Just as there is a debate between science and religion, there is a corollary argument that encompasses aspiration versus prayer. Aspiration for growth, development, knowledge, progress, expansion is acceptable to those in the “science” camp. Prayer is relegated by these individuals to the “religion” camp. Similarly, those who believe ardently in the power of prayer do not fully believe in the efficacy of an inner aspiration alone. The relation of these two powers, however, is not so simply delineated, nor can either one be dismissed out of hand. They can, indeed, complement one another.
For those who do not believe in any greater Being in the universe, of course, prayer does not factor into the equation. For those already accepting such a greater Being, Creator or God, prayer is central. For the vast majority of people however, who are somewhere between these two extremes, another viewpoint can harmonize them. Aspiration can be seen as the directing force and impetus for the growth and development of the individual’s powers and the expansion of the individual’s basis of knowledge. Prayer can be seen as the outer body providing concrete form in the external existence to what the aspiration is developing inwardly.
The artist, the writer, the composer all develop their concepts inwardly, but express them in the world, to impact others and have their influence in the world, through the outer form they give to these concepts. Similarly, prayer provides such an outer framework to embody the aspiration and bring it to life in the world.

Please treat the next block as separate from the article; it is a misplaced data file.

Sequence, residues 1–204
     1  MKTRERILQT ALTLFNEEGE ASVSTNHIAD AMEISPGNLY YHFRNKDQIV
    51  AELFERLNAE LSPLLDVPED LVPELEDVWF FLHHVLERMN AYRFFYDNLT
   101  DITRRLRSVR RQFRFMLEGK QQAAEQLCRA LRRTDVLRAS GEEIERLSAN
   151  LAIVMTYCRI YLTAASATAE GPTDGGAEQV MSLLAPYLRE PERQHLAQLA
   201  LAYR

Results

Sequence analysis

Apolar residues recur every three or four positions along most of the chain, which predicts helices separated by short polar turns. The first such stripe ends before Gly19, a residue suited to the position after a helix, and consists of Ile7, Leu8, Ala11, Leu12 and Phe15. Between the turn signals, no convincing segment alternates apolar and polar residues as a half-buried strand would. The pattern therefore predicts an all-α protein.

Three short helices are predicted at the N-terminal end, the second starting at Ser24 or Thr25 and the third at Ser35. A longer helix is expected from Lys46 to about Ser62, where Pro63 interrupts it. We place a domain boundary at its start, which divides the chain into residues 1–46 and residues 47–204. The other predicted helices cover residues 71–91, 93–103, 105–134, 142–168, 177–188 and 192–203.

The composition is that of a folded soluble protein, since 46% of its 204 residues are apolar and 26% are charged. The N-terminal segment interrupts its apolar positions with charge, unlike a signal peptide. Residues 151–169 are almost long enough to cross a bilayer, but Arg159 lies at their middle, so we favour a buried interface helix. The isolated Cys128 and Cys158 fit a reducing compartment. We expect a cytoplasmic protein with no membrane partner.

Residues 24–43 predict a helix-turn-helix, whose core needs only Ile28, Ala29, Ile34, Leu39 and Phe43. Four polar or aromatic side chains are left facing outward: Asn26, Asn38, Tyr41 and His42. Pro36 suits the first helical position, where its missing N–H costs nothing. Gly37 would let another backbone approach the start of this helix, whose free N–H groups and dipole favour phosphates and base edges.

The Mother notes: “So the more intellectual people admit aspiration and say that prayer is something inferior. The mystics tell you that aspiration is all very well but if you want to be really heard and want the Divine to listen to you, you must pray, and pray with the simplicity of a child, a perfect candour, that is, a perfect trust: ‘I need this or that (whether it be a moral need or a physical or material need), well, I ask You for it, give it to me.’ … To aspire it is not necessary to direct the aspiration to someone, towards someone. One has an aspiration for a certain state of being, for knowledge, for a realisation, a state of consciousness; one aspires for something, but it is not necessarily a prayer; prayer is something additional.”
Sri Aurobindo and the Mother, Growing Within: The Psychology of Inner Development, Chapter III Growth of Consciousness Basic Requisites, pp. 37-38